Syrup Season

I am always looking for ways that real life mirrors the writing process for me. I came across one the other day that is sticking (pun intended) with me. My son is doing a project for school on trees and as part of that project we attempted to make our own maple syrup. Throughout the process, I was reminded of writing over and over again.  

 

Before you even start you have to identify the right trees. It’s way easier to do this if you identified the trees when it’s summer or fall when you can go by the leaves. Then you tap the trees when the weather starts to shift, when the nights stay cold and the days get warmer so the sap starts to flow. You drill into the tree, deep enough to access the sap but not too deep to damage the tree. After the trees are tapped, you wait as the bucket fills, drip by drip by drip.  Once you’ve collected enough sap, you filter it to get out any large impurities, bugs, dirt etc..

 

And then you boil. It takes hours. You have to watch it make sure it’s not boiling over. You have to watch it to make sure it doesn’t evaporate completely away. You have to watch it to know when to combine 3 pots down to 2 and then finally down to one. As it boils, the sap changes to become darker, until it’s finally a deep amber. It thickens from the consistency of water to syrup. You have to watch it check the temperature to know the exact moment it changes from sap to syrup. When we were almost done boiling, we kept asking each other. Do you think it’s ready? How do we know it’s ready? Could it be ready? And ultimately, we had to take the risk that it was ready, filter one last time and put it into jars.

 

When I write, I have to pick the right idea off my list. I can’t just choose any idea, it’s got to be something special. Then I have to let the idea sit until it’s just the right time to start writing, if I start before the idea is formed it won’t work on the page.  My ideas have to be ready so the words can start dripping. Timing is everything.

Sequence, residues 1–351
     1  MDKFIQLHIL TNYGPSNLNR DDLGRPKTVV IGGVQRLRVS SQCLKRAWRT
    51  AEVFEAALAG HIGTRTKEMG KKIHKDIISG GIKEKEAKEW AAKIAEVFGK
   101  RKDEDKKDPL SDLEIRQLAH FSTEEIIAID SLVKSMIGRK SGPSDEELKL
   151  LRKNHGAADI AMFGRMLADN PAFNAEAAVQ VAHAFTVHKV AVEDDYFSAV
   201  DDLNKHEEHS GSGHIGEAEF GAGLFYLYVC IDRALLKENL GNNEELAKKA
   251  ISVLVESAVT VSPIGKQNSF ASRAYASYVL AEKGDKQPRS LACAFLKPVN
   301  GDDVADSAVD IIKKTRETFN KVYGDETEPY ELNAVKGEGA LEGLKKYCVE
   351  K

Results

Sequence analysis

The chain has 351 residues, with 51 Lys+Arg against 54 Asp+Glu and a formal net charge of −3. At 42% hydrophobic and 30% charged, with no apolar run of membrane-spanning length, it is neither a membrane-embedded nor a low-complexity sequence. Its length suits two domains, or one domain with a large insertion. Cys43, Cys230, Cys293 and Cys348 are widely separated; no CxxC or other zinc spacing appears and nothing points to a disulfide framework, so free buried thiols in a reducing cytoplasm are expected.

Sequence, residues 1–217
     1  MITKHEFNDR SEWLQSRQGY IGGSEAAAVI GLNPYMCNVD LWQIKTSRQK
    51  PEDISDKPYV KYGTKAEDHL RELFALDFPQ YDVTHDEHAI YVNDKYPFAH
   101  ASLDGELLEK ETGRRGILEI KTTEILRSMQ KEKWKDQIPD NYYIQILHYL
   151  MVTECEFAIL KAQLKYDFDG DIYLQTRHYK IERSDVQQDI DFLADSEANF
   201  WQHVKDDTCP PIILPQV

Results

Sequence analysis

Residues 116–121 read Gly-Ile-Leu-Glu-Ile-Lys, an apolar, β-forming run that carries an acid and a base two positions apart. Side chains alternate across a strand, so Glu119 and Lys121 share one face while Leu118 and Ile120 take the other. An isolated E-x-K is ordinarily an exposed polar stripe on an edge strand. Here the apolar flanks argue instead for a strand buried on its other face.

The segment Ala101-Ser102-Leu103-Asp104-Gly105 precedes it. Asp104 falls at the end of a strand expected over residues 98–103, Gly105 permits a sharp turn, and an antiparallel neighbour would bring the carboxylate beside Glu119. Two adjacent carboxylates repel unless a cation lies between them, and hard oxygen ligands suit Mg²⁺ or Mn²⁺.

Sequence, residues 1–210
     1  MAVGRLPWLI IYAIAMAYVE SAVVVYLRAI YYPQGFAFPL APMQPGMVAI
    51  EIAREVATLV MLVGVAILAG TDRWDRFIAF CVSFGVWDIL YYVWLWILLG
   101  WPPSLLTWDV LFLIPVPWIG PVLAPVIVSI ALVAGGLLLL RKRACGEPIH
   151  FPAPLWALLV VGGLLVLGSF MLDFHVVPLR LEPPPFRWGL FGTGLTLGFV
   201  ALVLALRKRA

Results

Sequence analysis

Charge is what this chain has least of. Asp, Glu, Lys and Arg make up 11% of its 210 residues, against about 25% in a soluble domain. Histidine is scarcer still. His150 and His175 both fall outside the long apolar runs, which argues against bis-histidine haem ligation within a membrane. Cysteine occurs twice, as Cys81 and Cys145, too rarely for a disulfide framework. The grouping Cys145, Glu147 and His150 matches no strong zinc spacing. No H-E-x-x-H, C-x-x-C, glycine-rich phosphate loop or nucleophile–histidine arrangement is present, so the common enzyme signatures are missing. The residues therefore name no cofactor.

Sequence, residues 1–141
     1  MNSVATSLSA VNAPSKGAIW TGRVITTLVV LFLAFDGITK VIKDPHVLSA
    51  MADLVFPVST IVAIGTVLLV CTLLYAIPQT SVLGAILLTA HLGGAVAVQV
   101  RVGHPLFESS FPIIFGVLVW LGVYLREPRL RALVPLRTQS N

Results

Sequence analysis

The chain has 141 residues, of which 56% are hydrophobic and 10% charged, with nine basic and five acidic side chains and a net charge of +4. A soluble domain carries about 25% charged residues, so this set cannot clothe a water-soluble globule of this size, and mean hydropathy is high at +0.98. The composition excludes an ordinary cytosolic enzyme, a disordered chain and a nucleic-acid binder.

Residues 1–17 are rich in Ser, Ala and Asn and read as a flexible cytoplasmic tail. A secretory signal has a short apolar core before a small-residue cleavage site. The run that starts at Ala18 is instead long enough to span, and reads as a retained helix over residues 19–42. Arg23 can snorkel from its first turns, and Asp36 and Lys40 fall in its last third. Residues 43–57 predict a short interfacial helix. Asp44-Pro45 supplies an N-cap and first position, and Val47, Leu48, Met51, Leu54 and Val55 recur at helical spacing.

And then I write word by word by word. It’s slow going. 

 

It takes a lot of patience.

 

Writing takes a lot of patience. Revising takes even more patience.  When writing picture books, you have to take a giant idea and distill it down to its essence. Boil down that story to the 400 sweetest most important words.

When I write, I have to filter and boil and boil and filter until I find my story.  My story changes from one big loose fragment of an idea to something where every word matters, it changes into something that has flavor and sweetness and warmth and color.

What was once 5 gallons of sap became a little less than 20 ounces of syrup. It may not look like much, but I bet it’s going to taste awesome on some waffles. 

 Filtering and funneling one last time. 

Filtering and funneling one last time. 

 5 gallons of sap turned into these 4 tiny jars of syrup. But they look so pretty! 

5 gallons of sap turned into these 4 tiny jars of syrup. But they look so pretty! 

 Choosing the tree and drilling the hole just deep enough.... 

Choosing the tree and drilling the hole just deep enough.... 

 Placing the smile to collect the sap. 

Placing the smile to collect the sap. 

 Collecting the drips and drops. 

Collecting the drips and drops. 

 Boiling and waiting. Waiting for the water to evaporate off....waiting for the sap to change. 

Boiling and waiting. Waiting for the water to evaporate off....waiting for the sap to change. 

 Getting closer.

Getting closer.